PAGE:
Valuations of a Merrillville Kohl’s store have been reversed after the Indiana Tax Court found error in a state board’s analysis.
The case of Southlake Indiana LLC v. Lake County Assessor, 18A-TA-16, traces back to 1992, when Southlake Indiana first executed a build-to-suit lease with a Kohl’s store on a retail building in Merrillville. From 2007 to 2012, the Lake County assessor valued the property at roughly $16.8 million, then lowered the valuation to $13.7 million in 2013 and 2014.
Southlake appealed all of those valuations as too high, and the Lake County Property Tax Assessment Board of appeals reduced the assessments for 2007 through 2012. Southlake appealed again, this time to the Indiana Board of Tax Review.
Southlake’s appraiser, Sara Coers, used three methods, including calculating rent as a percentage of gross sales, to estimate the property’s rent and determined its net operating income was $4.88 to $6.09 per square foot. But the assessor’s appraiser, Mark Kenney, used a market-rent analysis to estimate an NOI of $8.19 to $9.58 per square foot. The appraisers each used differing capitalization rates.
In evaluating the appraisals, the Indiana board created its own evaluation method that compared 16 leases to Coers’ and Kenney’s estimate market rents, and determined Kenney’s were better suited. The board also found that if Coers’ gross-sales-percentage analysis was “corrected,” it supported Kenney’s. Thus, the board adopted Kenney’s income approach values.
But the Indiana Tax Court reversed the board on Monday, with Judge Martha Blood Wentworth finding the board’s reliance on Kenney’s market rent estimates to be contrary to law.
Specifically, Wentworth pointed to testimony from Kendall Lees, a Kohl’s real estate expense manager, which the judge said showed that “Kohl’s build-to-suit rents are often above market because they actually reflect non-property interests.” That meant that, under Grant Cty. Assessor v. Kerasotes Showplace Theatres, LLC, 995 N.E.2d 876 (Ind. Tax Ct. 2011), Kenney and the board should have adjusted the build-to-suit leases they relied upon, but they did not do so.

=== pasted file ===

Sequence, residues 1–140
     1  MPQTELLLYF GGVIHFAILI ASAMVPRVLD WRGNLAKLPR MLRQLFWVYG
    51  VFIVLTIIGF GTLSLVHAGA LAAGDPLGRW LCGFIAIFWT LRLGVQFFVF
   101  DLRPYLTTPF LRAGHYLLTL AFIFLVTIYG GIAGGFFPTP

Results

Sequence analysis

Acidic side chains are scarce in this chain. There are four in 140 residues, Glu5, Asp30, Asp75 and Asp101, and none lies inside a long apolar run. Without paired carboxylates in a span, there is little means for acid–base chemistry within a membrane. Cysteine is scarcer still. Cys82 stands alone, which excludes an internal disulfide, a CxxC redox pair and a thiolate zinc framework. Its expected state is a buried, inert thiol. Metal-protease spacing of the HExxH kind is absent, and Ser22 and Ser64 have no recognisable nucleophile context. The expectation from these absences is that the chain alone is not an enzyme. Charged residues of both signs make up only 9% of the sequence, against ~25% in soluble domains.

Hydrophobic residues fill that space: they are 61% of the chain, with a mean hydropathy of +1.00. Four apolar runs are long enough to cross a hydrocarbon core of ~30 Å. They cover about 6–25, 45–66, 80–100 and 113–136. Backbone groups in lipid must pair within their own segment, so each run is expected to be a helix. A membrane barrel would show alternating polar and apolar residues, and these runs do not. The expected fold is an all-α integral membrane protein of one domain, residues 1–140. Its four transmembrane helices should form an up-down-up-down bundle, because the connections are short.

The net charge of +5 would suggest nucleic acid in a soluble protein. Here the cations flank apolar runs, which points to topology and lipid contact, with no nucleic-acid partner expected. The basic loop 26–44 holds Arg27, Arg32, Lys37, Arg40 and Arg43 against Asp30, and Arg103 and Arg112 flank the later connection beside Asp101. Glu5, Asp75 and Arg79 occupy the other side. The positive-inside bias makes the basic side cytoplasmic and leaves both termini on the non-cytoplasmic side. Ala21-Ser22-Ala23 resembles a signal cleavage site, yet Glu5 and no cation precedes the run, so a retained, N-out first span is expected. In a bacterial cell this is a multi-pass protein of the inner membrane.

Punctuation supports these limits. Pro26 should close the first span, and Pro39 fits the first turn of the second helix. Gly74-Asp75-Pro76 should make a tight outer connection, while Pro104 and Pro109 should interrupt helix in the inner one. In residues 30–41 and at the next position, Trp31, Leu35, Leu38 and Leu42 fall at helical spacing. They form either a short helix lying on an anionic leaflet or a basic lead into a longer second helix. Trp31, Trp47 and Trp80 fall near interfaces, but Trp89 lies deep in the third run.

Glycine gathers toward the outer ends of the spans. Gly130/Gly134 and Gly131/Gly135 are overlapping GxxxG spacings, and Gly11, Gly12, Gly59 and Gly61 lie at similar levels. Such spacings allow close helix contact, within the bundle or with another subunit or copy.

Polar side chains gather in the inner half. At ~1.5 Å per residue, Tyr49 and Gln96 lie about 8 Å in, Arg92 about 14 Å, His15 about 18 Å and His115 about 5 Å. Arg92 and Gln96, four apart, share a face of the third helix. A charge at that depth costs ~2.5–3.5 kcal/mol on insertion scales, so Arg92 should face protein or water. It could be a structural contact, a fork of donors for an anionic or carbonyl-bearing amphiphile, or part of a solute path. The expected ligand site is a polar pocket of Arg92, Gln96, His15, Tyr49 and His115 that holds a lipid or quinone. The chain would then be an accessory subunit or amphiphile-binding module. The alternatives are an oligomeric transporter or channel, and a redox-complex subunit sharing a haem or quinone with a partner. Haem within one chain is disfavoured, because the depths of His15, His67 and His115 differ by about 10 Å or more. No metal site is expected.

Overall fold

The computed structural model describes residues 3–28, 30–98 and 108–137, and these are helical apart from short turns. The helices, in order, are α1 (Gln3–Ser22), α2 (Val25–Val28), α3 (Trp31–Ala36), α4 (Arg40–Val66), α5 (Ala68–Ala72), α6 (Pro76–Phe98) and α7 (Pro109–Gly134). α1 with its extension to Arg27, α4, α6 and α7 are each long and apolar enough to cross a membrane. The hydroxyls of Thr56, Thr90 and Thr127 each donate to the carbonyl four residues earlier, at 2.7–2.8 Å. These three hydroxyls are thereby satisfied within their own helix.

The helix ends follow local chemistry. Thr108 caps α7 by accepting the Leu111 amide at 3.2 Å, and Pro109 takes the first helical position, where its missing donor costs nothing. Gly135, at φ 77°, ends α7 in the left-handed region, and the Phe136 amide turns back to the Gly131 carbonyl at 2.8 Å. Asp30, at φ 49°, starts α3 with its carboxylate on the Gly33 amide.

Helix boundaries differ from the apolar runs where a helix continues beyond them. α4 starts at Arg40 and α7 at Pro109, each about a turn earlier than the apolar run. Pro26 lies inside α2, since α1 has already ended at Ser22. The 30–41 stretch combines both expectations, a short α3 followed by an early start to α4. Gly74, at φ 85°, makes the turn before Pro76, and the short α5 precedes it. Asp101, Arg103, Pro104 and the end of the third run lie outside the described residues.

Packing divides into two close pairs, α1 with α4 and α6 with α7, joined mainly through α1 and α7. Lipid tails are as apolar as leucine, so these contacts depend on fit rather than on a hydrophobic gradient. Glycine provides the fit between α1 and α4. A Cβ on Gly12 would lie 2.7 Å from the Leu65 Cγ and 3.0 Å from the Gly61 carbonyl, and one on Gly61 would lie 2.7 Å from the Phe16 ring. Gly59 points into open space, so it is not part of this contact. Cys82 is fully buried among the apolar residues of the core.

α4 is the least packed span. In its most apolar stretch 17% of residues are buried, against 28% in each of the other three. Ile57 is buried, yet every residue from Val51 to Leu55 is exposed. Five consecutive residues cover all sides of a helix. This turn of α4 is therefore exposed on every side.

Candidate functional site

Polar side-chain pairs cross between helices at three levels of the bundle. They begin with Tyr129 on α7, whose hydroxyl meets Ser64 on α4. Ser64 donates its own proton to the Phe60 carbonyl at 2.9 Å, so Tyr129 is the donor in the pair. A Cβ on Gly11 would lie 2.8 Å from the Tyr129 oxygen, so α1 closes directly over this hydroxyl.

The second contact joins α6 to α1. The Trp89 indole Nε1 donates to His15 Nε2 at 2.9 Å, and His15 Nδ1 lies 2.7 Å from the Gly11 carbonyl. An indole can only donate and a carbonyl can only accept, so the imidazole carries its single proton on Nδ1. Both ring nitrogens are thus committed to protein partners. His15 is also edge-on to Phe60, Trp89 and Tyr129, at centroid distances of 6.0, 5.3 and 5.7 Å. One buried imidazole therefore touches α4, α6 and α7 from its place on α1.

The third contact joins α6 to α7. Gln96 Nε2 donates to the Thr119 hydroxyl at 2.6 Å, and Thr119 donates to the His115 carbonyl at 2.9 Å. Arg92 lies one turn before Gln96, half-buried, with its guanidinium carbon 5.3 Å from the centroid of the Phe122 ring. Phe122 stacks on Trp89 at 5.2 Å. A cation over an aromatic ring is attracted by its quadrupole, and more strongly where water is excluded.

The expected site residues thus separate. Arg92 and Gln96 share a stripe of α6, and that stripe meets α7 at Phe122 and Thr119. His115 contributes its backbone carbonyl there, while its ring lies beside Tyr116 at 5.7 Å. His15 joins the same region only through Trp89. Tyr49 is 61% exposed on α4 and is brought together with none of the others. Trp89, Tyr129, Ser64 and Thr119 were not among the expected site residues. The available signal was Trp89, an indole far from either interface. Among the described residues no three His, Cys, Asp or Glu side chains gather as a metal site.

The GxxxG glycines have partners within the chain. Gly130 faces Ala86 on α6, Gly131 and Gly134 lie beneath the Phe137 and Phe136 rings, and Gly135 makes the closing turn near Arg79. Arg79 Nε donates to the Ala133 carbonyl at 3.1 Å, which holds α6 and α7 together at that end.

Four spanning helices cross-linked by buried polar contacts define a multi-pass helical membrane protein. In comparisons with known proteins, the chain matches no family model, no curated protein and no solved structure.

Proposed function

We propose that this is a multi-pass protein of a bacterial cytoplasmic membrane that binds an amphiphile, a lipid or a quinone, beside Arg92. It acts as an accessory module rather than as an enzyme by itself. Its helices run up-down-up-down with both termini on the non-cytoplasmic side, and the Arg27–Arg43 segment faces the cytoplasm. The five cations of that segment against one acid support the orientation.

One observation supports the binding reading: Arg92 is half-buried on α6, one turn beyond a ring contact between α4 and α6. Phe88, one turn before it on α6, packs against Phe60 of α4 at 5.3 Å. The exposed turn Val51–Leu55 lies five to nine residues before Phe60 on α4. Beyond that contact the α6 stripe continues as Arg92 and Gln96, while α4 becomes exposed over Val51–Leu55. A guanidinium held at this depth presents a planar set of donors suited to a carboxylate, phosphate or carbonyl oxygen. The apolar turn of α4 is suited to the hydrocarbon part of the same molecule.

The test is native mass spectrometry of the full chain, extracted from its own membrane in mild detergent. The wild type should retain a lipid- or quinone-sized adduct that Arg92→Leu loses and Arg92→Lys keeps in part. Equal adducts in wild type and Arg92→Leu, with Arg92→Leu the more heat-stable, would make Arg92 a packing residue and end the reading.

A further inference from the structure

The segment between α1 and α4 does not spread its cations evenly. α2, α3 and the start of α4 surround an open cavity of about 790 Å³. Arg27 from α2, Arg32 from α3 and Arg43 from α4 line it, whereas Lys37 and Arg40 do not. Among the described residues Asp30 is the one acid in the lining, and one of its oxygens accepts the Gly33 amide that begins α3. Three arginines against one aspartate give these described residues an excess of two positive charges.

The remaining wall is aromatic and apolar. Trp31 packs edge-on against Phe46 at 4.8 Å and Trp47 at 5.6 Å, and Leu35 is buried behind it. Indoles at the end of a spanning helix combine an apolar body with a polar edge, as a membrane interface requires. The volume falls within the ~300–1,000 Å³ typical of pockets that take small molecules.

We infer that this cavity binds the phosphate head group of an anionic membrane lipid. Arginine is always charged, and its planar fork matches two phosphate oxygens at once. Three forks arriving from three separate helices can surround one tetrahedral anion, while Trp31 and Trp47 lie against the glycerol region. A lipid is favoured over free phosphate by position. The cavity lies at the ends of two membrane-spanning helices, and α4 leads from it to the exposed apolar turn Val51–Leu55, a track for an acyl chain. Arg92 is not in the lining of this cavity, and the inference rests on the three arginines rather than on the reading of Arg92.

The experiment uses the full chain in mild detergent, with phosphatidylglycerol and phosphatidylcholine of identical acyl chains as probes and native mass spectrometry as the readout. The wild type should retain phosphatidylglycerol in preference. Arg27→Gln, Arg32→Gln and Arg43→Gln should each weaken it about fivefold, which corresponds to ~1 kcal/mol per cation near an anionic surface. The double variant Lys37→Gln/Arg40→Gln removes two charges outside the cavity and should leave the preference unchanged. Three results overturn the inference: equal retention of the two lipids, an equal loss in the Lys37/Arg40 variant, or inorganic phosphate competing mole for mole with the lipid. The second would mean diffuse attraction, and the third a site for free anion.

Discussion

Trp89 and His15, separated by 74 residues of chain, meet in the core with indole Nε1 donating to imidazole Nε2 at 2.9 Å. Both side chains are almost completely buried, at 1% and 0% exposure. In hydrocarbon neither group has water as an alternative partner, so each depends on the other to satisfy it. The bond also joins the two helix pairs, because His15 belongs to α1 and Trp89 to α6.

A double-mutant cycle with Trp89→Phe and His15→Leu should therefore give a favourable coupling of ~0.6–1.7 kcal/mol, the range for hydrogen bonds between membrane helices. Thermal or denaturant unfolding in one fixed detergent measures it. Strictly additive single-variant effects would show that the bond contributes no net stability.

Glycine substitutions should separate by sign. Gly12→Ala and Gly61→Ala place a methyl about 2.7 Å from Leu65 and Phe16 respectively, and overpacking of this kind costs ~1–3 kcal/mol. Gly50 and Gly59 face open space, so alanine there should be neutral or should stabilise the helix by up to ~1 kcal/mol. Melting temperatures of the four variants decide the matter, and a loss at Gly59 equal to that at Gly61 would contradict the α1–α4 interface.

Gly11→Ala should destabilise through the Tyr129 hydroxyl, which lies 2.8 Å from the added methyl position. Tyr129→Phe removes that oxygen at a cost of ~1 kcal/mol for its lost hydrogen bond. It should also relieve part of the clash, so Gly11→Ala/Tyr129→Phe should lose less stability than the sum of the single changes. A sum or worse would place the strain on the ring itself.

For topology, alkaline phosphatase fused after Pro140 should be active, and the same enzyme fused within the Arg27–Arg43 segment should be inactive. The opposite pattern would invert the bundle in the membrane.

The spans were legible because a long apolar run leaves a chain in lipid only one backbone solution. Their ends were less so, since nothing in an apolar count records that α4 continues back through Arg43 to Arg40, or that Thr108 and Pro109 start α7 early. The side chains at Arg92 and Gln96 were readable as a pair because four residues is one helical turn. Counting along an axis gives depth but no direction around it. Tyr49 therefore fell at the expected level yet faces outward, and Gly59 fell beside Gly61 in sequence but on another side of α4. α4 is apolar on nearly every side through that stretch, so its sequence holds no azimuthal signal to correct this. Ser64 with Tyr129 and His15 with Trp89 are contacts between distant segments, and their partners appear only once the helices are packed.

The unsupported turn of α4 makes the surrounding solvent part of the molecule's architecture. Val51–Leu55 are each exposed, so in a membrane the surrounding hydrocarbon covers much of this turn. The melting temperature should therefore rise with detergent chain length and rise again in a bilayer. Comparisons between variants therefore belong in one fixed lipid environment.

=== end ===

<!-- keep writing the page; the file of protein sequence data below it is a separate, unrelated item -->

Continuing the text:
“…(W)hile Coers included unadjusted build-to-suit leases in her market extraction analysis, she explained that she ultimately did not consider them because they were old leases and she did not have a ‘great way’ to adjust them to market levels,” Wentworth said. “…Coers further explained that she would not consider build-to-suit rental data in her analysis unless she could confirm that the leases were motivated by market terms, that the potential above-market rent could be isolated, or how the increment of tenant quality could affect the sales price.
“…This evidence shows that Coers exercised caution – as required by Kerasotes – whenever build-to-suit rental data was included in her analyses, and the record is devoid of relevant evidence that shows otherwise,” Wentworth continued. “…Accordingly, the Indiana Board’s finding that Coers relied on build-to-suit leases that did not reflect market rent is unsupported by the record evidence.”
The Tax Court also agreed with Southlake that the board’s adjustment of Coers’ percentage-of-gross-sales market rent estimates was unsupported by substantial and reliable evidence, saying the board provided “little basis” to prove the alleged errors in Coers’ analysis. “Moreover,” Wentworth said, “the Indiana Board cited no evidence or authority to support its methodology or show that it actually corrected the alleged error in Coers’s analysis.”
Thus, the case was remanded to the board “with instructions to assign the subject property a market value-in-use under the income approach that: 1) calculates the property’s NOI each year at issue by replacing Kenney’s market rents with market rents derived by Coers through her reconciliation of her market extraction and gross percentage of sales estimates; and 2) applies Coers’s capitalization rates for 2010, 2011, and 2012, but Kenney’s capitalization rates for 2007, 2008, 2009, 2013, and 2014.”